Federal High Court in Abuja yesterday fixed June1 to determine whether the statements tendered by the second defendant in the October 1, 2010, bombing were made under duress.
The defendant, Obi Nwabueze, who is facing terrorism charges alongside Charles Okah, had alleged that the statements he made during his detention by the Department of Security Services, as well as during his trial, were extracted under duress.
The duo is being tried for allegedly masterminding the bomb blast at Eagle Square, Abuja, that killed over 10 and injured many during Nigeria’s Independence Day celebration that year.
The claim had compelled the trial judge, Gabriel Kolawole, to institute a trial within trial for the defendants to prove that the statements made by the second defendant were given under duress.
Subsequently, Mr. Nwabueze and his counsel presented witnesses before the court, including his former counsel in the matter, Ogochuku Ezekiel.
Testifying as the last witness Ezekiel said although he followed the case while working in the chambers of his former principal, Festus Keyamo, till 2013, they never filed a formal complaint to draw attention to the injuries alleged to have been sustained by Mr. Nwabuze.
He, however, stated that he had made the complaint in the open court.
Responding to the submission of the witness, prosecution counsel, Alex Iziyon said the complaint made by Mr. Ezekiel, according to his records, only related to the inability of the defence counsels to access their client, adding that nothing relating to injury was mentioned.
Asked whether he had any written evidence to prove the alleged injury and torture on his client, Mr. Ezekiel cited publications of the Guardian and Vanguard Newspapers of October 22 and 23, respectively, in 2010 to support his claim.
Justice Kolawole therefore ruled that the second defendant should make his final address on the matter on or seven days from Monday, May 16.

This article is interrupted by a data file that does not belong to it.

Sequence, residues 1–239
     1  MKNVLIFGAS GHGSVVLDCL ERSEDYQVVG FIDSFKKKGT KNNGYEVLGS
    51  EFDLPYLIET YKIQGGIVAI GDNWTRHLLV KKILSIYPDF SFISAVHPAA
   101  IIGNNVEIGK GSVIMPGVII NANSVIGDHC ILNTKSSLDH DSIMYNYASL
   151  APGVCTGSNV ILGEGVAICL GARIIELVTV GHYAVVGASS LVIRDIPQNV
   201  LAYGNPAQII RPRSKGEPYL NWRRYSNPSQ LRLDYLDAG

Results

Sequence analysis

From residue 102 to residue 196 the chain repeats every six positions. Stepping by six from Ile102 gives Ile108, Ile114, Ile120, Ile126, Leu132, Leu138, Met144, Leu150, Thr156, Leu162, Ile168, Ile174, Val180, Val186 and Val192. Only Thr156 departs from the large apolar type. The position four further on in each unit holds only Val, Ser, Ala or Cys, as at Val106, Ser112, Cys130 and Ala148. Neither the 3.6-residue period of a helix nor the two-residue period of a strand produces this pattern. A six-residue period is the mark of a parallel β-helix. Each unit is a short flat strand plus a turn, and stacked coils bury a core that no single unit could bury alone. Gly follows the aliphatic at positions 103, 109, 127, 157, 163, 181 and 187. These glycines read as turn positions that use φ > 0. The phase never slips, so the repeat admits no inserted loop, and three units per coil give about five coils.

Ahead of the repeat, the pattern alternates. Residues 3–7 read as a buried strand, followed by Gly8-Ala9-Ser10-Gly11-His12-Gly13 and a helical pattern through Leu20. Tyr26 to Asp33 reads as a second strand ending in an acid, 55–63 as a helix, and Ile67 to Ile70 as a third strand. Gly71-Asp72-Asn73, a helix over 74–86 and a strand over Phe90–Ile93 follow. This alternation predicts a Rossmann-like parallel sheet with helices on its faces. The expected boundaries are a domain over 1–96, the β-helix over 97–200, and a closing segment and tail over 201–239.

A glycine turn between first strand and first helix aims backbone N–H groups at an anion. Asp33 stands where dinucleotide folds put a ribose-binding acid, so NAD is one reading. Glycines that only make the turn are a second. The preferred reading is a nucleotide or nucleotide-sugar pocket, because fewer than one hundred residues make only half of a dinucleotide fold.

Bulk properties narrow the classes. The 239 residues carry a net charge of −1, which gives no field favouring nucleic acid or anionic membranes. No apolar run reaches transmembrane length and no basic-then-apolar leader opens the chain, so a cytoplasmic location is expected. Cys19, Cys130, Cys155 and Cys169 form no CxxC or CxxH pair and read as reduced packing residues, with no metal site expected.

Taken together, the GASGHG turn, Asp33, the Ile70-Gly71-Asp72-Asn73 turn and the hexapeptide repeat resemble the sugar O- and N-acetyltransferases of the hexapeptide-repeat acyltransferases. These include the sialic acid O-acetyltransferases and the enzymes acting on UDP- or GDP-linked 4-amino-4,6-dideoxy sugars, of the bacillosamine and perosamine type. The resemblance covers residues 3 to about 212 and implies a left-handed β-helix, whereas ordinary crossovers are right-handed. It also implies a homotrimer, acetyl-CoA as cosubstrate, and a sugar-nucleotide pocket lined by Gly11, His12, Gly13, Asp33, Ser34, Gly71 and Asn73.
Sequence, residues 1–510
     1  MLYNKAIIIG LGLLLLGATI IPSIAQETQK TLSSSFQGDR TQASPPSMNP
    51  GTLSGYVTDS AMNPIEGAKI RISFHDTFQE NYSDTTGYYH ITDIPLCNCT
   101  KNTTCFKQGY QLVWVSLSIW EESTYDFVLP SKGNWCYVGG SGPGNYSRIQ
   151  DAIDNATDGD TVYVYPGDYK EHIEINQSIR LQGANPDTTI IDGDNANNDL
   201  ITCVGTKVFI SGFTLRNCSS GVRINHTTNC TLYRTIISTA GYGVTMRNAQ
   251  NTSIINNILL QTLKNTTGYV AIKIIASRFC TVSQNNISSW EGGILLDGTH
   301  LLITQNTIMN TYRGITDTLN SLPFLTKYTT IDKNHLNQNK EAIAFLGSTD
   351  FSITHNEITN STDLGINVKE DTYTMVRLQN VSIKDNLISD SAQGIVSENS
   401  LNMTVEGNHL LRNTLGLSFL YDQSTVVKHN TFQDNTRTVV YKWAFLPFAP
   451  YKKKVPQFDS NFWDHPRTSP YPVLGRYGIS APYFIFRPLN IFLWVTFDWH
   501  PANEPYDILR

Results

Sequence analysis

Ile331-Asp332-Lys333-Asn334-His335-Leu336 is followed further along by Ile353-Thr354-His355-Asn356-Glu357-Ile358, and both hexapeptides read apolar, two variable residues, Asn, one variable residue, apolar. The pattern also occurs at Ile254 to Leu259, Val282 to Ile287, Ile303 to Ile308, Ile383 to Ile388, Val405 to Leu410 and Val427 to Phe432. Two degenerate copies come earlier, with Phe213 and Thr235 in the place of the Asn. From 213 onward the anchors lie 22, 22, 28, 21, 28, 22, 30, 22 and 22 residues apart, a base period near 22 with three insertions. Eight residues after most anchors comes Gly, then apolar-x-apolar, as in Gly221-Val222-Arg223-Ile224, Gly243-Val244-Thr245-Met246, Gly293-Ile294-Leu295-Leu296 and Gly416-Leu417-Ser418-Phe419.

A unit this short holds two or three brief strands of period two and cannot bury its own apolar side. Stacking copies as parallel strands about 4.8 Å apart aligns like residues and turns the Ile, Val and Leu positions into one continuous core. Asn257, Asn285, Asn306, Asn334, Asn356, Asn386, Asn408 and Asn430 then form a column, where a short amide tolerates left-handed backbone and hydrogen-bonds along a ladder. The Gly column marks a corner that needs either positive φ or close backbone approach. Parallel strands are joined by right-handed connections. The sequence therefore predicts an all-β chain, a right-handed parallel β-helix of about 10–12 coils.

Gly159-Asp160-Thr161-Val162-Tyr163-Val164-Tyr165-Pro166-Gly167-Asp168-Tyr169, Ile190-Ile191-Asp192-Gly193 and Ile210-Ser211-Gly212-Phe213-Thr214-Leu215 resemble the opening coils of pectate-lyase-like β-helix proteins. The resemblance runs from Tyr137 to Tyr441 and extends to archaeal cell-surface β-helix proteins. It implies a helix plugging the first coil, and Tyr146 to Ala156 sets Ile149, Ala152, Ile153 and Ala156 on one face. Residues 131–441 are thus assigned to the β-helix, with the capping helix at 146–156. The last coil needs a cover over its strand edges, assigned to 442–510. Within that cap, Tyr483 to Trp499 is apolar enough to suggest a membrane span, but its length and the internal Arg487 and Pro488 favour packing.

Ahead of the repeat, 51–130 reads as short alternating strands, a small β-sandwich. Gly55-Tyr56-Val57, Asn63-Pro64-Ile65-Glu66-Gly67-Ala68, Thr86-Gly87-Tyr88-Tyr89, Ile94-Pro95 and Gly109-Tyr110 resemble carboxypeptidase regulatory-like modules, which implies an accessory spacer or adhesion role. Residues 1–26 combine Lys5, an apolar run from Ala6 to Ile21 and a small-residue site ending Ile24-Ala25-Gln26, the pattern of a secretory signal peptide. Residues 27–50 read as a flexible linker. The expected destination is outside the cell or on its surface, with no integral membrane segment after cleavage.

The court also directed the prosecution to respond to the address within four days, after which the defendants would have three days within which to submit their reply before the next adjourned date of June 1.
Counsel to Mr. Okah, Otemu Ogbenovo had told the court that his client would need to go for treatment relating to his eyes and sought leave of court to have his client admitted for the said treatment.
Mr. Iziyon raised an objection stating that an application like that should first be made before the prison authorities.
The lawyer insisted that Mr. Okah could be treated within the premises of the Kuje Maximum Prison where he is currently being detained.
In his ruling, the trial judge held that the problem that affects the eye was a serious one that should be dealt with.
He called on the prison authorities to intimate him on the status of the compliant regarding Okah’s eye.
He also said Mr. Ogbenovo should keep in touch with him to determine whether the court would need to take a decision to enable Okah access his medication outside the prison.
Okah and Nwabweze have been held since December 2010 after they were accused of masterminding the October 1 bomb blasts.

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